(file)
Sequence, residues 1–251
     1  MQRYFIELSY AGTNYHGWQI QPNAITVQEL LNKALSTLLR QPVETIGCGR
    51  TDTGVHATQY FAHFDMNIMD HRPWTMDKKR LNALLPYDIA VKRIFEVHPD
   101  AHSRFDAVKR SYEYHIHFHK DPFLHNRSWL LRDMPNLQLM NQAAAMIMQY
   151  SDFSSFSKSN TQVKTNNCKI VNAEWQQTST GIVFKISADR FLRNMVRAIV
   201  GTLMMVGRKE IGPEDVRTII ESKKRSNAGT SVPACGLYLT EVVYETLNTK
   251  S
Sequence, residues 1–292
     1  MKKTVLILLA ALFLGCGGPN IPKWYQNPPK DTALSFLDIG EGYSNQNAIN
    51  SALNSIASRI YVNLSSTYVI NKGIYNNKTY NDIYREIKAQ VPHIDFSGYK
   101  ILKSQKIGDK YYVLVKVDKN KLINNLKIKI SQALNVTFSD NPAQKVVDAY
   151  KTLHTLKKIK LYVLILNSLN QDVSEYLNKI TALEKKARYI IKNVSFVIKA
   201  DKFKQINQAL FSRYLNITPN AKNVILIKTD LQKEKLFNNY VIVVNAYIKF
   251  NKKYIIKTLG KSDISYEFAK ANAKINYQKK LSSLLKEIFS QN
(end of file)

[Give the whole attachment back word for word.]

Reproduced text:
Sequence, residues 1–251
     1  MQRYFIELSY AGTNYHGWQI QPNAITVQEL LNKALSTLLR QPVETIGCGR
    51  TDTGVHATQY FAHFDMNIMD HRPWTMDKKR LNALLPYDIA VKRIFEVHPD
   101  AHSRFDAVKR SYEYHIHFHK DPFLHNRSWL LRDMPNLQLM NQAAAMIMQY
   151  SDFSSFSKSN TQVKTNNCKI VNAEWQQTST GIVFKISADR FLRNMVRAIV
   201  GTLMMVGRKE IGPEDVRTII ESKKRSNAGT SVPACGLYLT EVVYETLNTK
   251  S
Sequence, residues 1–292
     1  MKKTVLILLA ALFLGCGGPN IPKWYQNPPK DTALSFLDIG EGYSNQNAIN
    51  SALNSIASRI YVNLSSTYVI NKGIYNNKTY NDIYREIKAQ VPHIDFSGYK
   101  ILKSQKIGDK YYVLVKVDKN KLINNLKIKI SQALNVTFSD NPAQKVVDAY
   151  KTLHTLKKIK LYVLILNSLN QDVSEYLNKI TALEKKARYI IKNVSFVIKA
   201  DKFKQINQAL FSRYLNITPN AKNVILIKTD LQKEKLFNNY VIVVNAYIKF
   251  NKKYIIKTLG KSDISYEFAK ANAKINYQKK LSSLLKEIFS QN